Extended Study Leave

Extended Study Leave (ESL)

(formerly known as Sabbatical Leave)

The Diocese encourages all stipendiary clergy to take ESL periodically. A grant is available for this. Because ESL concerns professional and vocational development the grant is free of Income Tax. In addition, you may be able to claim part or all of your CMD allowance for the current and following year to supplement your own resources and grants from other funding bodies.

Your Bishop’s permission is required before ESL can be granted, but permission does not automatically constitute entitlement and we have a Diocesan policy to regulate the allocation of ESL in any one year.

What qualifies as Extended Study Leave?

The good news is that this is a broad definition! Do not, for example, be put off by the label of ‘study leave’; it does not imply that you have to be pursuing some higher degree or other academic course – although those who are, may find that their ESL is very helpful when it comes to field work or time to write dissertations etc.

The notion of extended leave is founded on good Biblical principles. The cessation of work in Genesis 2 v.3, is a positive gift or rest (“God blessed the day and made it holy”) and in Leviticus 25 we have “Sabbath years” and the sound idea that the ground should be left untilled so that it can replenish itself.

David Ellingson draws the parallel with our lives:

‘Just like the soil, we humans need a sabbatical, a time to lie in fallow. We require a time to receive, rather than give Output, carefully to nurture and cultivate our lives so that the soil of our spirits may be rid of weeds and have opportunity to receive nourishment’1

There is then a place for extended rest and a change of rhythm. The many and ever changing demands placed on those of us in ministry make this hugely important for clergy who readily admit to a lack of sufficient time for personal and spiritual nurture. Our regular rest days and holidays are vital, but the longer break for personal renewal has been of great long-term benefit.

ESL is a time for professional and vocational development

  • Spiritual refreshment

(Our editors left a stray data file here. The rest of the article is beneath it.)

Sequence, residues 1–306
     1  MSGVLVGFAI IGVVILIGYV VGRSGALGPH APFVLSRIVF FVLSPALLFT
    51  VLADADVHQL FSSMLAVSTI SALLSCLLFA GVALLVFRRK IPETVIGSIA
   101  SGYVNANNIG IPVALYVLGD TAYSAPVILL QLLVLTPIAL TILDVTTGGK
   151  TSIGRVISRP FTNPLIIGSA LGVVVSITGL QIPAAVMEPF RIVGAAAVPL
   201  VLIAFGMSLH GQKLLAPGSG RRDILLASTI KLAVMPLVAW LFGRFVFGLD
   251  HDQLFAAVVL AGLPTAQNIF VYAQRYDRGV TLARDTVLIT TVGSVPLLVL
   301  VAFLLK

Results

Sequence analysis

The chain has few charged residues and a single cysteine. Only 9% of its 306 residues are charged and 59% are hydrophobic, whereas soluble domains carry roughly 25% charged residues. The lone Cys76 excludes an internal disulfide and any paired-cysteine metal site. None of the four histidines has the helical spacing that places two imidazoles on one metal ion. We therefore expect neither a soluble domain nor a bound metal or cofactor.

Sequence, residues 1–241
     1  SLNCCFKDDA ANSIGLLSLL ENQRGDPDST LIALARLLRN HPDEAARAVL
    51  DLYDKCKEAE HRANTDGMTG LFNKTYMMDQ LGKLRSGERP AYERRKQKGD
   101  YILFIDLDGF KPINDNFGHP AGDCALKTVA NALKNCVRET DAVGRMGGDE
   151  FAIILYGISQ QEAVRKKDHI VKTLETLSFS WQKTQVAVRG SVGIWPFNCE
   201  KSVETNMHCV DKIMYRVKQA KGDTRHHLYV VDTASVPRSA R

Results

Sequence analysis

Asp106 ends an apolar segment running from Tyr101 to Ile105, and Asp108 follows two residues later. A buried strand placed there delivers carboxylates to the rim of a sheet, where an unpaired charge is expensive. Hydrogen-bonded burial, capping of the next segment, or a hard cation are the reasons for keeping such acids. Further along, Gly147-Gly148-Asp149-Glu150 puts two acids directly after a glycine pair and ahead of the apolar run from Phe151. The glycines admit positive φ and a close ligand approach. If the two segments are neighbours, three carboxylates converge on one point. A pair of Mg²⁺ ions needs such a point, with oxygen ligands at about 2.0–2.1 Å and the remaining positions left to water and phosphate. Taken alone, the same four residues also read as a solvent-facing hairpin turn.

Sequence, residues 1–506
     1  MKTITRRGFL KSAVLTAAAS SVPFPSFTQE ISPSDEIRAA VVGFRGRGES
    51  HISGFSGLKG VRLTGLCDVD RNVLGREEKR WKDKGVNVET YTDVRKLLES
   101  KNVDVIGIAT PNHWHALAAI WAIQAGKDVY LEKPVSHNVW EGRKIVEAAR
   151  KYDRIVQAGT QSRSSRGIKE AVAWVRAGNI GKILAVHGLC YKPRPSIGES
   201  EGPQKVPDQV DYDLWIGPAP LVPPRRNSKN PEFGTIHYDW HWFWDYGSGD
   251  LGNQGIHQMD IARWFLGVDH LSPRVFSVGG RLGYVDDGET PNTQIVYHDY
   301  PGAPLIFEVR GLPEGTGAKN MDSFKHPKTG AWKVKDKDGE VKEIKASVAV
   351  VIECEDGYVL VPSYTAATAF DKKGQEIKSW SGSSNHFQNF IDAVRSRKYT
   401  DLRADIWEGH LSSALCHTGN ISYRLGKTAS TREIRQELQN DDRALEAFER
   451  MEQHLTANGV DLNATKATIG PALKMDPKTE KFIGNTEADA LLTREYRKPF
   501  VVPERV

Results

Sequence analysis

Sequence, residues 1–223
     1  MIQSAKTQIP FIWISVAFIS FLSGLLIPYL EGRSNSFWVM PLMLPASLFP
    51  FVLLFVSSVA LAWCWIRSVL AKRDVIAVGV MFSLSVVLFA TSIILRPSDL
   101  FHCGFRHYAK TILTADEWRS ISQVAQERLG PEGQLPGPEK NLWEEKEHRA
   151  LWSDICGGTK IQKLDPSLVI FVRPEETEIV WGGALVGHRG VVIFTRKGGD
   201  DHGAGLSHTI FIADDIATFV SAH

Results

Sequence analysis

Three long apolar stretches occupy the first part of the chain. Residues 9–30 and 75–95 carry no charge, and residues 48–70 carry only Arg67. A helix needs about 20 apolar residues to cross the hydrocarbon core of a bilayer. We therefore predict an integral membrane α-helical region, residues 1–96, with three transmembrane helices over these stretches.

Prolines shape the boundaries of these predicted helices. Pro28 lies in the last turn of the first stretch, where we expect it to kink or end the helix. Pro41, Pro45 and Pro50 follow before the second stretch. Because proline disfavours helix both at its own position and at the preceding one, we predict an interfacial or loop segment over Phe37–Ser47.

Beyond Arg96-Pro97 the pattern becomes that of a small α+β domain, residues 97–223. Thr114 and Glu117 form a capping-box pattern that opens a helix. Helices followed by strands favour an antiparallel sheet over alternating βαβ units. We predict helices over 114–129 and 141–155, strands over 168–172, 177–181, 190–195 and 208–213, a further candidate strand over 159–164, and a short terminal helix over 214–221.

• A new environment
  • A time to explore a different rhythm of life, less outcome focussed.
  • Restoration
  • A time for God to restore balance, spiritual vitality and vision
  • Stimulus
  • New input to give new vision
  • Visiting new cultures and places to give new perspectives.
  • Reflection
  • Deeper understanding
  • New ways of doing things
  • Future objectives – personal and professional

The result of such a time will be to re-focus attention away from the narrow task-orientation in which parish ministry can trap us, to a fresh personal awareness of our identity and our vocation.

Lichfield Diocesan Guidelines

A period of ESL is normally 12 weeks – although on occasion applications for shorter periods will be considered.

All stipendiary clergy and licensed lay ministers who have served ten years in ministry, can be considered for ESL

Funding from the diocese is available for study leave approved by the area bishop. Currently funds aremade available through the Officer responsible for Continuing Ministerial Development.

There are two deadlines each year for allocation of ESL. Applications should be made by July 31 for ESL 18 – 30 months ahead, and by January 31 for ESL 12 -24 months ahead.  For example any applications made by 31 July 2020 would be for 2022 onwards. Application forms which now include provision for Bishop’s and Archdeacon’s permission are available:

Application Form A to register your firm interest in study leave and apply.

Form B to be completed once you have been listed and to confirm the arrangements.  Payment of grants will ony be made once your completed Form B has been received.

We would welcome applications for ESL in this order...

  • People who have been in current post for 7 years or more and have not taken ESL in that time.
  • People who have been in current post for 6 years or more, and have not taken ESL in the last 7 years.
  • People who have been in current post for 5 years or more, and have not taken ESL in the last 7 years.
  • People who have been in ordained or nationally accredited ministry for 10 years or more, and have not take ESL in that time.

(In the event of oversubscription, then those who have had the longest interval since their last ESL, whilst in stipendiary ministry, will be the first to be awarded funding and leave.)

The DVE office has details of some colleges and institutions that offer ESL accommodation and study opportunities. Contact the CMD Enabler or office for more details (01543 306227)

You will be expected to share something of your ESL with the Area Bishop, Archdeacon and CMD Enabler. This may be in the form of a brief report, or some other creative outcome. This is not meant to be a major piece of work, but rather to offer personal reflections on the learning experience and the opportunity for self-development.

       1.  Dave Ellingson ‘Remember the Sabbatical to keep it Holy’ cited in Sabbatical Planning for Clergy and Congregations by A Richard Bullock p.5 (Alban Institute, 1987).

For an informal conversation about your proposed ESL, contact:

Jane Instone or Jeanette Hartwell, CMD enabler.

As your plans begin to form, do share them with your Area Bishop and Archdeacon at the earliest opportunity. They will have the wider diocesan picture in mind as well as your own needs.


Page last updated: 11th October 2021 11:29 AM